||"Included in this first edition is a recording of Harjo reading from ten of her poems, accompanied by music from her band, Poetic Justice"--Publisher's display box.
|Formatted Contents Note:
||The creation story -- The woman who fell from the sky -- The naming -- The flood -- A postcolonial tale -- Mourning song -- Northern lights -- Who invented death and crows and is there anything we can do to calm the noisy clatter of destruction? -- The myth of blackbirds -- The song of the house in the house -- Insomnia and the seven steps to grace-- Letter from the end of the twentieth century -- Witness -- Wolf warrior -- Promise of blue horses -- Sonata for the invisible -- The place the musician became a bear -- The other side of yellow to blue -- The field of miracles -- Petroglyph -- Fishing -- Promise -- The dawn appears with butterflies -- Perhaps the world ends here.
|Creation/Production Credits Note:
||Woman who fell from the sky opening and reprise music by Joy Harjo and Susan Williams. Myth of blackbirds music, a traditional Lakota women's song, arranged by John Williams, Susan Williams, and Joy Harjo ; inspired by Jim Pepper. Engineer, Eric Larsen, C & D Spots Studio, Albuquerque, New Mexico.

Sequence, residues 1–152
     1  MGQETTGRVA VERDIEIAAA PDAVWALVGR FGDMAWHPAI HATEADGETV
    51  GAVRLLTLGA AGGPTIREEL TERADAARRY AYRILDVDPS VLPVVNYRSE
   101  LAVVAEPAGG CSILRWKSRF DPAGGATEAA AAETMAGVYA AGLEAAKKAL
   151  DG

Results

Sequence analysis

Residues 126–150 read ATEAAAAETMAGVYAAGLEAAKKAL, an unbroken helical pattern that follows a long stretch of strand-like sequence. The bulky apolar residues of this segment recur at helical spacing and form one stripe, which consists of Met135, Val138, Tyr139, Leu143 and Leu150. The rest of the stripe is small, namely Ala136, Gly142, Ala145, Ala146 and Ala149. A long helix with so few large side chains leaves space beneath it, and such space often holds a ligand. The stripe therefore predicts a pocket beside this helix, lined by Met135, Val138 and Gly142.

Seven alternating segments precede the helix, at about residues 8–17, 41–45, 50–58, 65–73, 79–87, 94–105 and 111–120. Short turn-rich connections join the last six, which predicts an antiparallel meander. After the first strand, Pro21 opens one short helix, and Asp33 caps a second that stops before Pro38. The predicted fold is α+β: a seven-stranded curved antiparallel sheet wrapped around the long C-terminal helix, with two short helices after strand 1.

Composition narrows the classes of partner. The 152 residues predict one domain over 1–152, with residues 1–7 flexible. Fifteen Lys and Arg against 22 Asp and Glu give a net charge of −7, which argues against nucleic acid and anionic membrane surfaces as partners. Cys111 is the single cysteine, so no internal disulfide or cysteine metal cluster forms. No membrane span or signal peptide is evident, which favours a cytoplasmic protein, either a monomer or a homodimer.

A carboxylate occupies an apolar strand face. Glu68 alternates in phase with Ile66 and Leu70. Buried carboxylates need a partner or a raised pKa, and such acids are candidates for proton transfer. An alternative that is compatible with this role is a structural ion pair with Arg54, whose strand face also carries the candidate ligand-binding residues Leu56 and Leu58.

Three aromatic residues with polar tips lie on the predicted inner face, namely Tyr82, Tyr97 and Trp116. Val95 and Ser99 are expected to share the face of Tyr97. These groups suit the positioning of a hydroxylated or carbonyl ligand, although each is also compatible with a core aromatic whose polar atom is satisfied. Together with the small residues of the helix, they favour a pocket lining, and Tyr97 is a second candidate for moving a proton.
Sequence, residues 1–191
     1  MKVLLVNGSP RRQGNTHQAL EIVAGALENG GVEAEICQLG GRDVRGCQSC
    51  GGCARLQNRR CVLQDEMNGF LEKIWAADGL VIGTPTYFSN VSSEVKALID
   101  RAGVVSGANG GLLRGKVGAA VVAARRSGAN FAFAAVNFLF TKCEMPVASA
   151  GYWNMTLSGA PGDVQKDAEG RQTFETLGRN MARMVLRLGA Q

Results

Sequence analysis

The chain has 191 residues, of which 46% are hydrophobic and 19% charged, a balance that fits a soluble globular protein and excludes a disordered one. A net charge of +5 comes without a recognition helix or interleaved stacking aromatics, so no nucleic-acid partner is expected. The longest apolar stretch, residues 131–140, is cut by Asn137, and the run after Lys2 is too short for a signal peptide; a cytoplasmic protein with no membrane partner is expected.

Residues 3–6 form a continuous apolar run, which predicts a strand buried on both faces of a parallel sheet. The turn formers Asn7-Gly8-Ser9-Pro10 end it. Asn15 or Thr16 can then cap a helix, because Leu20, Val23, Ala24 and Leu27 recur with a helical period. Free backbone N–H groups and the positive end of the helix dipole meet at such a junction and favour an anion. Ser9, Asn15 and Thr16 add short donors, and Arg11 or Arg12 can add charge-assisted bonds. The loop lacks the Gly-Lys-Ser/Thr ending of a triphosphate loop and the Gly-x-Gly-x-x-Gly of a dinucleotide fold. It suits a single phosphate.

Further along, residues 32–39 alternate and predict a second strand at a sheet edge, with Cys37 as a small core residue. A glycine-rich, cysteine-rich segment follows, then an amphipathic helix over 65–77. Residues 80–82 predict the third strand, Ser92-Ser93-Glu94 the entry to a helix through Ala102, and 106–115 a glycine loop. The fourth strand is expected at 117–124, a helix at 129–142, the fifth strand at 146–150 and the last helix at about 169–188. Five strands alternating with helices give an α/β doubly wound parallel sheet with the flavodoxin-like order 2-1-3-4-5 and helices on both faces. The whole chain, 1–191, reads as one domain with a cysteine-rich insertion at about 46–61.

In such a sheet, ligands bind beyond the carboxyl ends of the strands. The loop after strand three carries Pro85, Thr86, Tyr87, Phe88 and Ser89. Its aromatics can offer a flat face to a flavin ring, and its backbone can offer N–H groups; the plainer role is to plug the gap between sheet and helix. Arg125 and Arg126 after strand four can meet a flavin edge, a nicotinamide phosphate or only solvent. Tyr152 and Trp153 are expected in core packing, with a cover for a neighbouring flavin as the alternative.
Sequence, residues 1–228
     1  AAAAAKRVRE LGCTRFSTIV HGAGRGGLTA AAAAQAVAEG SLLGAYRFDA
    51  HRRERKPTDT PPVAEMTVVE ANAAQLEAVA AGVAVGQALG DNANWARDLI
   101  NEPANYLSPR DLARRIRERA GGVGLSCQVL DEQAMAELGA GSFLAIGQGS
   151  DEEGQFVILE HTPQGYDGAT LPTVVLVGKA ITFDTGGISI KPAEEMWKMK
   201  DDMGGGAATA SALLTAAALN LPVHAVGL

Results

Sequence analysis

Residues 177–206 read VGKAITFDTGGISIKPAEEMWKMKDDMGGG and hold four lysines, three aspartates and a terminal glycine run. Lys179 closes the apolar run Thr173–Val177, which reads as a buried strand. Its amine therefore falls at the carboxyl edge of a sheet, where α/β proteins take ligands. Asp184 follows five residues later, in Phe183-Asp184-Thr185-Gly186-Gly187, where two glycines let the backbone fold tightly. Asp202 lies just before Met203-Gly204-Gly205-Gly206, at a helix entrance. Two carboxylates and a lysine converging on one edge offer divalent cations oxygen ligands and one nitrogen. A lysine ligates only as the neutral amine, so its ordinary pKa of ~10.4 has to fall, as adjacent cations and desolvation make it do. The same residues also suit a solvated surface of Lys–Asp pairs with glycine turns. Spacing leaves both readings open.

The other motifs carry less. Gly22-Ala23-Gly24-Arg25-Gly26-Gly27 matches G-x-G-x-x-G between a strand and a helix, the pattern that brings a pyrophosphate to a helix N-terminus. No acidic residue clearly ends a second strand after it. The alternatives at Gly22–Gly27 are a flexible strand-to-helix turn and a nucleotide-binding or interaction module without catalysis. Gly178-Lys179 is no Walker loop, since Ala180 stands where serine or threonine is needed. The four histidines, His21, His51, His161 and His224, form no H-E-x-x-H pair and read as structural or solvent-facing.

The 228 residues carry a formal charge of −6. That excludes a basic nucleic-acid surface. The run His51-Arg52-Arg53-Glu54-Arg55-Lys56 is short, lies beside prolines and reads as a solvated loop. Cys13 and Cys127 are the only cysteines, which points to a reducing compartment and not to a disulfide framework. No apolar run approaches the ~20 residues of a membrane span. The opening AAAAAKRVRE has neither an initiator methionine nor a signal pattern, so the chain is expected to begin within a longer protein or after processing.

|Participant or Performer Note:
||Susan Williams, Frank Poocha, drums and percussion; Joy Harjo, saxophones; Frank Poocha, Susan Williams, Joy Harjo, singers.
||Joy Harjo, one of this country's foremost Native American voices, combines elements of storytelling, prayer, and song, informed by her interest in jazz and by her North American tribal background, in this, her fourth volume of poetry. She is a mythic, visionary, and spiritual poet who draws from the Native American tradition of praising the land and the spirit, the realities of American culture, and the concept of feminine individuality. In describing this volume Harjo has said: "I believe that the word poet is synonymous with the word truth teller. So this collection tells a bit of the truth of what I have seen since my coming of age in the late sixties."